Posted by: Jack Henry | August 8, 2016

Editor’s Corner: Using Hyphens for a String of Words

Let’s face it—it can be confusing to know when to use hyphens. I won’t be able to cover everything you need to know about hyphens today, but I will explain why and when you need to use hyphens to string more than two words together.

When a string of words is used to describe a noun, and that string precedes the noun, those describing words are hyphenated. You might want to re-read that last sentence. It’s important because when you’re talking about whether to add hyphens, you need to remember that the describing words must come before the noun.

Take this sentence, for example:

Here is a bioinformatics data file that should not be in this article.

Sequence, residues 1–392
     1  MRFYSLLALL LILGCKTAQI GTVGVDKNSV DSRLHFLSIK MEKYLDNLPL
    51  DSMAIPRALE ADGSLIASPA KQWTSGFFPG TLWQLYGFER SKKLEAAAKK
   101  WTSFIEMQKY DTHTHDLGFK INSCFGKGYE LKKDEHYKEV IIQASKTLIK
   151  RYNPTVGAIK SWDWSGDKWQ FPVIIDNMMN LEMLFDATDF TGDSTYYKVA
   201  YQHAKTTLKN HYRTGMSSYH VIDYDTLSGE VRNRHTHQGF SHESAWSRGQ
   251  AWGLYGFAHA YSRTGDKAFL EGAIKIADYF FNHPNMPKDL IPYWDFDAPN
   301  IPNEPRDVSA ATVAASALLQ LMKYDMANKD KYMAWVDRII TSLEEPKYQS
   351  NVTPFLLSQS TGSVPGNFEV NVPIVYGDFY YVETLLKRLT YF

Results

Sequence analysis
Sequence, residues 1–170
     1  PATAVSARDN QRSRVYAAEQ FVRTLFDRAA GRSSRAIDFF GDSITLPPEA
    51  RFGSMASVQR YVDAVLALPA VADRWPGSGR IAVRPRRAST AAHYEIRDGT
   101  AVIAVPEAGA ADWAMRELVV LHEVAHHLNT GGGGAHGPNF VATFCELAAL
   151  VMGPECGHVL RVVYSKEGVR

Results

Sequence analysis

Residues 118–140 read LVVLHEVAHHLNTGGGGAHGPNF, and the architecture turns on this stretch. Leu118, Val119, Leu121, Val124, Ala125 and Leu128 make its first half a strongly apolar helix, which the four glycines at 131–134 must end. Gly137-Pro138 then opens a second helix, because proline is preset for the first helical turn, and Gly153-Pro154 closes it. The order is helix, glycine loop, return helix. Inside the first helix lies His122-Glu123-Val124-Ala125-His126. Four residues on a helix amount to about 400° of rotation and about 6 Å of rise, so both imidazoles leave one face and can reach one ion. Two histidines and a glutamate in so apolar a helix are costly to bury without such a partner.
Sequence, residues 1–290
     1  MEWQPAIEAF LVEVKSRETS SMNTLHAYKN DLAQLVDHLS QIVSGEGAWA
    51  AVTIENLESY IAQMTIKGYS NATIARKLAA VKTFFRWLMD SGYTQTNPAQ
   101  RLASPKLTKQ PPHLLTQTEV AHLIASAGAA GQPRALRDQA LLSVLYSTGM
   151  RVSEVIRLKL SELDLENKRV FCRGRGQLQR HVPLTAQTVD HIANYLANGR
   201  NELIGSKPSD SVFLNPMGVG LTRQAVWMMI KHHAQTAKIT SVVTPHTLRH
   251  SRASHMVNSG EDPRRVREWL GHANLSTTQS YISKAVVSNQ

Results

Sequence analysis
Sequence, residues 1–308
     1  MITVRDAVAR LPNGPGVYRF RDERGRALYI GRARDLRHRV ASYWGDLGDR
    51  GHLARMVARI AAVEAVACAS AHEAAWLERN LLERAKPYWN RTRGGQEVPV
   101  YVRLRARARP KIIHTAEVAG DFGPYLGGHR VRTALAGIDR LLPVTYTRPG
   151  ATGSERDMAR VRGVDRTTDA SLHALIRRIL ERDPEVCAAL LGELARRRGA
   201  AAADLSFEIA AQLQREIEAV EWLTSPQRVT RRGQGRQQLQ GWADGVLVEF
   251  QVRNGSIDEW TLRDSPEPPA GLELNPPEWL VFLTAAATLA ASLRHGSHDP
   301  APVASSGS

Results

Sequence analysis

· Her father was a behind-the-scenes manager.

The phrase behind the scenes precedes the noun manager, and it describes what kind of manager the father was.

If you were to place the phrase after the noun, you would not use hyphens.

· Her father managed her from behind the scenes.

Here’s another example:

· The movie was replete with over-the-top characters.

The phrase over the top precedes the noun characters, and it describes what the characters were like.

Again, if you were to place the phrase after the noun, you would not use hyphens.

· The movie was replete with characters that were over the top.

And here’s a final example that many people have trouble with:

· He had a four-year-old daughter.

· His daughter was four years old.

I hope you have a productive and fun-filled day!

Donna Bradley Burcher | Senior Technical Editor | Symitar®

8985 Balboa Ave. | San Diego, CA 92123 | Ph. 619.278.0432 | Extension: 765432

Symitar Technical Publications Writing and Editing Requests

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